In the Spring of 2010, a 14,000 square foot Administration Building was designed for Thompson Creek Mines near Challis, Idaho. The building, at 8,000 ft. elevation in the mountains of Central Idaho, needed to be “zero - maintenance” exterior and rugged interior due to the nature of the business. The company moved into the building in October, 2010.
In 2009, The Sacajawea Learning Center in Salmon, Idaho was designed and constructed. This multiple use building is a 5,700 square foot complex. It is part of the Sacajawea Center (owned and operated by the City of Salmon, Idaho in partnership with the Bureau of Land Management, and the Governor’s Lewis and Clark Trail Committee). www.sacajaweacenter.org
In 2008, a large addition/remodel to his residence which includes a separate office space was complete. He desires having his home be “off the grid”. It includes a wood-fired burner for radiant in-floor heating, and solar for back-up electrical demands will be implemented.
In 2005 design work began for the Meriwether Building in Hailey, Idaho. This building passed Hailey Design Review on the rare first attempt. It is 32,000 square feet of retail and office space and was complete in 2007. This building can be viewed at: www.meriwetherbuilding.com
In 1998, he built his residence / office on 30-acres of unimproved land in Salmon, Idaho. He served as Owner, Designer, and General Contractor on this project. Since then, he has completed many residences and public projects in Blaine, Lemhi, and Custer counties.
From 1992 - 1998, Don concentrated mostly on high-end residential projects in the Wood River Valley, Idaho (Sun Valley . Ketchum . Hailey) and surrounding areas, both alone and in collaboration with other architects. He also did a number of illustrations for his own projects and those of others.
From 1989 -1992, Don was employed by Integrus Architects, Seattle, Washington -- a 60-person firm with offices in both Seattle and Spokane, Washington. During this time, he was a Project Designer for the firm and worked directly under the firm’s Design Principal. His work included design and art work (renderings) for various projects. His commercial work in that capacity included: 1) a competition for a new $53 million Washington State Ecology Dept. structure. (The firm became one of 3 finalists and his individual artwork was published in Architecture magazine, June 1991.); 2) a $13 million addition to a Youth Service Facility for King County that was awarded an AIA Citation Award upon completion; and 3) a design for the housing complex portion of the campus for Maple Lane School in Grand Mound, Washington.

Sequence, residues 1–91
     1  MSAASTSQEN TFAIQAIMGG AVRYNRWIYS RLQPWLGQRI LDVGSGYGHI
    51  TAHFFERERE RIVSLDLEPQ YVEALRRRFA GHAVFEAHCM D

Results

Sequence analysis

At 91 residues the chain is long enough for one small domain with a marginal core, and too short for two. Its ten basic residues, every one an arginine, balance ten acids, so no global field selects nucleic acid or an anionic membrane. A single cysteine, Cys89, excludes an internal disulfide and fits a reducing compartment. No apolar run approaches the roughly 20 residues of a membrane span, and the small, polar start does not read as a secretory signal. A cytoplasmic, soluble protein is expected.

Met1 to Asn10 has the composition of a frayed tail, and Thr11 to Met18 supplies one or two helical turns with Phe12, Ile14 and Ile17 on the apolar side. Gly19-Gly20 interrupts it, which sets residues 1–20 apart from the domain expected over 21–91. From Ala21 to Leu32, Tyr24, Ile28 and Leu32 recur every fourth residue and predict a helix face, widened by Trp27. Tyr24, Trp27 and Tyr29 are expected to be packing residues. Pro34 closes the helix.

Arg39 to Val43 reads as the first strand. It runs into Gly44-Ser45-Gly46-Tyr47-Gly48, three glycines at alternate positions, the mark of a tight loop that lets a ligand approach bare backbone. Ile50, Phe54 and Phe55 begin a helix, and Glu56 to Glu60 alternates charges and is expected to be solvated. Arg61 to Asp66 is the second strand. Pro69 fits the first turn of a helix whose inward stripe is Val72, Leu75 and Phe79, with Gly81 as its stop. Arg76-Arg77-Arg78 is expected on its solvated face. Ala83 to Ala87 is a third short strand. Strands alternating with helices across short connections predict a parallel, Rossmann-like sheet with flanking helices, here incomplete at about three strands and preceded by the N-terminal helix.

From 1981-1986, he worked with two firms in Ketchum, Idaho both specializing in custom homes. From 1986-1989, he was a sole proprietor designing residences in the Wood River (Sun Valley, Idaho) area and also winning a competition, with Bruce Hinckley, Landscape Architect (Alchemie), for a new Ketchum Chamber of Commerce building and streetscape standards. This building was the Chamber home from 1989 – 2005 until the Chamber moved to a larger structure. The standards are still in use.
Don is an accomplished artist using the mediums of watercolor, oil, and pen & ink. His works have been selected for juried art shows and his technique can be seen in his architectural presentation work, commissioned by various architects.
Licensed Idaho / Montana Architect, Don Stamp has over 30 years of architectural experience, along with a substantial background in mathematics, structures, and art. Don received his Bachelor of Architecture Degree from the University of Idaho in 1981. He is certified by the National Council of Architectural Registration Boards and is currently registered to practice architecture in the States of Montana and Idaho. DGStamp Architects' office is located in Carmen (North of Salmon) in Lemhi County, Idaho.
In the Fall of 2013, DGStamp Architects was commissioned to design a 13,000 square foot library for Salmon, Idaho. Construction began in the Spring of 2015 and the library opened in the Spring of 2016 with a construction budget of $1.8 million.